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Effects of multiple file references


Genx
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I have around 5 clients, all on similar solutions.

The solution itself is split two way, front end (referencing backend) and backend on server.

Rather than having to modify five different files if i want to do an update or bug fix, i'd want to manipulate only one.

Now, each of these servers, have a different ip:

i.e. 192.168.110.10 vs. 192.168.10.1 vs. 192.168.0.1 etc.

If i list these 5 references (and possibly anywhere up to 30) are there going to be any adverse effects, i.e. extra delays on startup?

Cheers,

~Genx

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How about using a VARIABLE which is the IP ADDRESS of the hosting machine in the individual client's environments.

Use the variable as a substitute value in your file references.

This way, if the client changes the hosting machine then you can change the variable to suit.

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Yes, but that still implies that i have to store various versions of the file for different clients with different server addresses (despite the file being otherwise the same).

However, because i didn't know that you could specify this is a variable, a different thought comes to mind. An extra file with one table, one field. Located in the exact same directory as my front end. This would mean that i could put that as a file reference first, set the variable ip from this file, then attempt to connect to the other file reference through the variable obtained from this one table file.

Though, i'm not a 100% sure this will work unless file references are evaluated in a particular order.

Could anyone tell me if this would work?

Cheers for the suggestion btw, anymore input would be greatly appreciated :

~Genx

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Yes, you need to store the ipaddress in another table (or file) - say ClientSetUp.fp7 and use this as a standard reference point for all things variable in your client installations.

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How about using a VARIABLE which is the IP ADDRESS of the hosting machine in the individual client's environments.

Use the variable as a substitute value in your file references.

IdealData, I don't think this is possible. Perhaps you can elaborate.

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Maybe you're right Ender as I can't test it properly. There is another caveat regarding GLOBAL VARIABLES ($$) in that their scope is restricted to the CURRENT FILE, but that means you should be able to reference a separate TABLE in the same file.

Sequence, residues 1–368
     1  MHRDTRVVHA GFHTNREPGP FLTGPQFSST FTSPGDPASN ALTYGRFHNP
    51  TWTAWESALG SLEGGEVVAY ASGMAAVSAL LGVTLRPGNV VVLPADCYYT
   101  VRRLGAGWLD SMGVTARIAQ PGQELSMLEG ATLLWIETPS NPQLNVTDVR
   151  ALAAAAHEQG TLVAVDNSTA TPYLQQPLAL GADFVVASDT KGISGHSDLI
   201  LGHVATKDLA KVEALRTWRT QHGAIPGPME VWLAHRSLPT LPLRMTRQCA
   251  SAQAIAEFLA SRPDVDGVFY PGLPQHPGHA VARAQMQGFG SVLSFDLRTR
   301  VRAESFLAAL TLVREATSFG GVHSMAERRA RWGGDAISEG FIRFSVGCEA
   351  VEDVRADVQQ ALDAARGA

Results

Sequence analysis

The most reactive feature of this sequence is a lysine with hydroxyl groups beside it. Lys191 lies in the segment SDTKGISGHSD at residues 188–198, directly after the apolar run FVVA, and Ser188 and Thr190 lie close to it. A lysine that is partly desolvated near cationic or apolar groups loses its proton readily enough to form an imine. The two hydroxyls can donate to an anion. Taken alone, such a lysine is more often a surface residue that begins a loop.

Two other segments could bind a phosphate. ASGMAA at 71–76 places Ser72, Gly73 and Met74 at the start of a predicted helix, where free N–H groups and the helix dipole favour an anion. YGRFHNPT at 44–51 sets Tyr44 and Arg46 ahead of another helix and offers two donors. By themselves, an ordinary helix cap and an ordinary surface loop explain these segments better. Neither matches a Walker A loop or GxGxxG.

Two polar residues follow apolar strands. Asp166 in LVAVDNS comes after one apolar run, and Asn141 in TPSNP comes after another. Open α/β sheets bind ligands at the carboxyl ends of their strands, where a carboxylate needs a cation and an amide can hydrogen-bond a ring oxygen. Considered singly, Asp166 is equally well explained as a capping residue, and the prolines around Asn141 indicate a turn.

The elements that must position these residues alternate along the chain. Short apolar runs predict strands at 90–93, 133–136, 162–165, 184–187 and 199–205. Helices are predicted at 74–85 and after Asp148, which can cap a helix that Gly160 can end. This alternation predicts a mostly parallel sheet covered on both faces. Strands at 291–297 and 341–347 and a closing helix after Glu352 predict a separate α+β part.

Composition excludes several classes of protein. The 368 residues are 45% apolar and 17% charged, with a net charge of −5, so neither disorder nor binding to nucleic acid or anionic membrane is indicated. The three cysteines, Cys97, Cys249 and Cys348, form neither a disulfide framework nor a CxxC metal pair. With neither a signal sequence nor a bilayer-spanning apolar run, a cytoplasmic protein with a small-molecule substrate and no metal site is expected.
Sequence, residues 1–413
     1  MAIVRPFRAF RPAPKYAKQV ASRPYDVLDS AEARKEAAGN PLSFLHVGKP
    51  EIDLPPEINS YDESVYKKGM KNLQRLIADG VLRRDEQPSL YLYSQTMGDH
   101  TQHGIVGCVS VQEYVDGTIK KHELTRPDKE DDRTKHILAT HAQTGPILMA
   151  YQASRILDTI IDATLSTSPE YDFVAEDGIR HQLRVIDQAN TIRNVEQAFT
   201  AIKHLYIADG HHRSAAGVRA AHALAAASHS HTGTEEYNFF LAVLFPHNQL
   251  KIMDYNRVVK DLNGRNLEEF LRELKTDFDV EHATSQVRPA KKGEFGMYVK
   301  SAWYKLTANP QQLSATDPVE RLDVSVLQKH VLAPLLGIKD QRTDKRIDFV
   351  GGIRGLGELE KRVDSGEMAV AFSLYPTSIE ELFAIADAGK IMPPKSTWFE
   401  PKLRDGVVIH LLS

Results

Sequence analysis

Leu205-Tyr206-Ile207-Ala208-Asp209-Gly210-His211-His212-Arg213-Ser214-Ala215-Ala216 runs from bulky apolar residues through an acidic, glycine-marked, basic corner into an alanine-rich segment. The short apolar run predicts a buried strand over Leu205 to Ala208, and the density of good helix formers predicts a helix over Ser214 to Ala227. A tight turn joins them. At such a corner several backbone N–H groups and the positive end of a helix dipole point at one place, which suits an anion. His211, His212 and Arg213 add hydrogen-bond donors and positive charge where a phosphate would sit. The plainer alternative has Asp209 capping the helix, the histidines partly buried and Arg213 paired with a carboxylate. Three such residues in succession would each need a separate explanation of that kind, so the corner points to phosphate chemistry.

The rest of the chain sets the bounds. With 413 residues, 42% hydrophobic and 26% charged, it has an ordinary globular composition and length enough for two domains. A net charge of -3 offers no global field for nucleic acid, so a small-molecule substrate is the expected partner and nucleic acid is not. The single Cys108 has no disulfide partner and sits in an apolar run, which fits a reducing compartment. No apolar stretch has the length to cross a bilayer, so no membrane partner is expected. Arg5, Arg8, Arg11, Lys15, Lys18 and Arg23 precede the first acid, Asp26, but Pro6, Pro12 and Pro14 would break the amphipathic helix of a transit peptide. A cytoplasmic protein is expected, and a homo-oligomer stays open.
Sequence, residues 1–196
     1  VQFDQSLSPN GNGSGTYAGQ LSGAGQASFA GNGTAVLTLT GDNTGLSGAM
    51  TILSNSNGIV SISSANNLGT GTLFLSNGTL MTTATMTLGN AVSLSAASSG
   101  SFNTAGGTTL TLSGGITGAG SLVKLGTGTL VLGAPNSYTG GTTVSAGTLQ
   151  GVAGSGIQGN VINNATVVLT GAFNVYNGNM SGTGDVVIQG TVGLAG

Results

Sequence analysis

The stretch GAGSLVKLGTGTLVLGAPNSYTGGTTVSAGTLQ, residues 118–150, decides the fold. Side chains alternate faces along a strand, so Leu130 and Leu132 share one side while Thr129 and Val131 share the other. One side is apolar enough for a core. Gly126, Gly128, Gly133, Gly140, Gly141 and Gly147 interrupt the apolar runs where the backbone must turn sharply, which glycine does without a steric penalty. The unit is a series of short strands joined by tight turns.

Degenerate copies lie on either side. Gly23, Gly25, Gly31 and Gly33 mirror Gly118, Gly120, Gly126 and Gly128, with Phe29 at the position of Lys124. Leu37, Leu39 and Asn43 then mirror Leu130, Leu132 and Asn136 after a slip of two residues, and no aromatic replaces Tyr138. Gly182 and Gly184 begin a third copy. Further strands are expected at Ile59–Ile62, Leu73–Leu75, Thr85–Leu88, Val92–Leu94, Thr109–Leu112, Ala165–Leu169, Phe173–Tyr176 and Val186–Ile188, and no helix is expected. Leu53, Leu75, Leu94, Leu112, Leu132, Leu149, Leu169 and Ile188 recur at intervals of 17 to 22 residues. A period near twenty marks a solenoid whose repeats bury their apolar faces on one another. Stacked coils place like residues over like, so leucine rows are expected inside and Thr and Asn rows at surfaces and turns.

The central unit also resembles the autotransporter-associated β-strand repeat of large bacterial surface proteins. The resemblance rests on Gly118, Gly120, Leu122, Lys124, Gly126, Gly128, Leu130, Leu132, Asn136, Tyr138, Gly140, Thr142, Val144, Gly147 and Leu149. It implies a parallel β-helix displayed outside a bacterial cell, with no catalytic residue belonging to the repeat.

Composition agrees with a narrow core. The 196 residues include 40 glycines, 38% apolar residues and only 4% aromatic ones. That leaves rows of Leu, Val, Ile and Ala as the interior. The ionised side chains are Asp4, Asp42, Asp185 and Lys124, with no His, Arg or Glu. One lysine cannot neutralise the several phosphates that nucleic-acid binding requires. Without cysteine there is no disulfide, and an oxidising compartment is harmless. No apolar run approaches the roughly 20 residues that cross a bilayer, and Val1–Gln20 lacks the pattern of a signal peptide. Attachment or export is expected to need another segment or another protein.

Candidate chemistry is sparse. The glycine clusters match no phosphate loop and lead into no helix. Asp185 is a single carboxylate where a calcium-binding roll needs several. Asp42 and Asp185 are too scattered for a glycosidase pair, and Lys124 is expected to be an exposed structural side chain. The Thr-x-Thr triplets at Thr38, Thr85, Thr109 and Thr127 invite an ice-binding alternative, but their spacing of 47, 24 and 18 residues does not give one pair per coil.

I do believe that the substitution should work though:

Field: IP_Address

Type: Calculation

Calculation: Let ($$HOST_ADDRESS = "192.168.100.0"; $$HOST_ADDRESS & "")

File reference:

fmnet:/$$HOST_ADDRESS/tablename.fp7

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Anyway, back to the original question then, anyone have any clue on the effects of storing about 10 references to the same file --> given on different networks?

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FileMaker checks each file reference in the order it appears in the file reference list. Once it finds the file, it won't go any further down the list of references. If you put your most likely path at the top, there shouldn't be any speed issues. If you put in 50 file references and your most likely reference is at the bottom, I can foresee this might slow things down if it has to go through all the other file references.

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That's a good question that i don't know the answer to. I would suspect we would need to talk to an engineer. The only chance you might get is at DevCon where they have meeting times with engineers. If you need an immediate answer, I would test it out. Shouldn't be hard if you have access to the servers.

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Sigh, i'm too poor yet to be able to go to a conference in America. But i will try test it out within the next week and will post the results.

Cheers,

~Genx

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The customer whose IP is last in your list won't be real thrilled. How about a button (and/or optionally a script) for Open Define File References. You can document and/or explain to the customer what to change, it's not complicated. Start 'em out with "fmnet:/*/yourfile" and tell them to put the server IP in place of the *asterisk*.

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  • 1 month later...

The customers, honestly aren't all that bright when it comes to using computers in general and most of them likely don't even know what an IP is, i'd hate to destroy the user friendliness of the solution with this. Maybe i'll just have a set of IP standards.

Or maybe ill just have to compile different sets of install files sigh.

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